Political corruption

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Political corruption is using powers of government officials or their network contacts for inappropriate private gain.

The forms of corruption are very different between one another. Examples of political corruption are lobbying, bribery, extortion (which refers when to someone commits blackmail or bribery against or threatens other people through putting a feeling of fear by telling certain people something will happen if the victim does not comply), nepotism (the unfair use of power for receiving job employments or benefits by family or friends), patronage (improperly using state money/goods to reward families, certain groups or races in exchange for voting for certain political party members) and embezzlement. Corruption is often linked to human trafficking, money laundering and drug trafficking. But political corruptions are not limited to these illegal acts.[1] Misuse of government power for certain other purposes, an example of which is police brutality is also classified as political corruption.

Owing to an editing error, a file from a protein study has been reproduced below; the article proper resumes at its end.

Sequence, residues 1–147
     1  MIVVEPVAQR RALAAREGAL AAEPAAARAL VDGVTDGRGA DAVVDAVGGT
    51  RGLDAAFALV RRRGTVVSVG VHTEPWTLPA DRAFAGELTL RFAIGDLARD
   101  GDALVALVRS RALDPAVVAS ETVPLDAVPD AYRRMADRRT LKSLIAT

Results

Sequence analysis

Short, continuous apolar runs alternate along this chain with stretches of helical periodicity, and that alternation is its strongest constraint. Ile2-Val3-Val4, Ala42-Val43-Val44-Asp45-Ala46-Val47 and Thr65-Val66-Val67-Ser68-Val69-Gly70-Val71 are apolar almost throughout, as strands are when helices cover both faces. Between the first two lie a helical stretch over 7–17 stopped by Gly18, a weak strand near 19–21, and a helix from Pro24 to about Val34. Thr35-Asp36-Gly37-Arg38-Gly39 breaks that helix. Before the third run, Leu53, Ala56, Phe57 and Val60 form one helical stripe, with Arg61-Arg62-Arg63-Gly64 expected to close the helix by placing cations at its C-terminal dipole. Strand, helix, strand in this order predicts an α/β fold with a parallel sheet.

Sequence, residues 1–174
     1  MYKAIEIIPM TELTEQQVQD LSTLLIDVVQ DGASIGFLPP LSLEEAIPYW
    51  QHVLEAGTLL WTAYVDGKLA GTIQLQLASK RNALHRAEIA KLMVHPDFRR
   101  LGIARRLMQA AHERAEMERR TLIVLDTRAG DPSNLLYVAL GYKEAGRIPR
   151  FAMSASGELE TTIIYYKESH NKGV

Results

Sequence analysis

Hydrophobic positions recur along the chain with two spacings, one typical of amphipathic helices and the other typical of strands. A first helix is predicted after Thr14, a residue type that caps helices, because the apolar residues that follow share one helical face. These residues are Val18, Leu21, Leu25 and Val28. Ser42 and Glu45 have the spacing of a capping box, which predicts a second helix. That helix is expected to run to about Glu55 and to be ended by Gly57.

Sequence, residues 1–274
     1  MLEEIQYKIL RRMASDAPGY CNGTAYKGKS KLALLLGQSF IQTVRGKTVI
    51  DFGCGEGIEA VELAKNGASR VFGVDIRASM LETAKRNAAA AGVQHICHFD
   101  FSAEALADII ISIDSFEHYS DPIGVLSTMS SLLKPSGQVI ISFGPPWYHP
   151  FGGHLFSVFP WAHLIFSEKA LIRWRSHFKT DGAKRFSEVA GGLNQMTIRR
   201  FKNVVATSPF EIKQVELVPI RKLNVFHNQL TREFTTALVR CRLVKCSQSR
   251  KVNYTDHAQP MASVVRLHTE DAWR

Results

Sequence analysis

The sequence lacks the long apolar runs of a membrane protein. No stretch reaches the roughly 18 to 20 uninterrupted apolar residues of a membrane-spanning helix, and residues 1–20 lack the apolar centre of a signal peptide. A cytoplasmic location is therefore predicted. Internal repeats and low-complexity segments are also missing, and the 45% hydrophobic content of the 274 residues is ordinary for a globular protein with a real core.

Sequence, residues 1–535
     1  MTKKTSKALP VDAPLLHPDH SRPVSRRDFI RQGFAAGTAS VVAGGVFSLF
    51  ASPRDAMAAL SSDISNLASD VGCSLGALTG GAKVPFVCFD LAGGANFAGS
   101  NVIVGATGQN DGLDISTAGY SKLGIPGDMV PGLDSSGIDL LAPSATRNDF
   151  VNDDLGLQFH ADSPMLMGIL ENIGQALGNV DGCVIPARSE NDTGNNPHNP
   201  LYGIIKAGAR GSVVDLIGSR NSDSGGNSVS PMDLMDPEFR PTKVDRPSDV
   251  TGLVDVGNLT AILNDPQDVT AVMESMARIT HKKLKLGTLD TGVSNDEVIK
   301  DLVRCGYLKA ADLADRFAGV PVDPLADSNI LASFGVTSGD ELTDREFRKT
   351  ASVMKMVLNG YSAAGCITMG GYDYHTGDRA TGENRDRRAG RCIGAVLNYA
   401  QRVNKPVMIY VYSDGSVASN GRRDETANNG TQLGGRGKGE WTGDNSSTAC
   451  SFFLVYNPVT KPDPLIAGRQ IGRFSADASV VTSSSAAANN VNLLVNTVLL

Political corruption hurts democracy by going against the formal process. Corruption in elections and in legislature reduces responsibility and falsely represents the related creations of policies.

Economies having a high level of political corruption tend to not be as financially successful as one that has low level corruption. Political corruption not only threatens justice and ethical values. Recalls of loans by international banks, along with massive selling of emerging market stocks from international mutual funds, is associated with (and can actually cause) crises in economics and currency problems in certain countries. Examples of these problems are in Asia, Africa and Central America.[2]

References[change | change source]

  1. "NSA or Other Government Agencies Should Be More Transparent". Washington Post. Retrieved July 22, 2021.
  2. "How a United States Anticorruption Law Boosted Economic Growth in Rural Africa". S-RM. Retrieved July 22, 2021.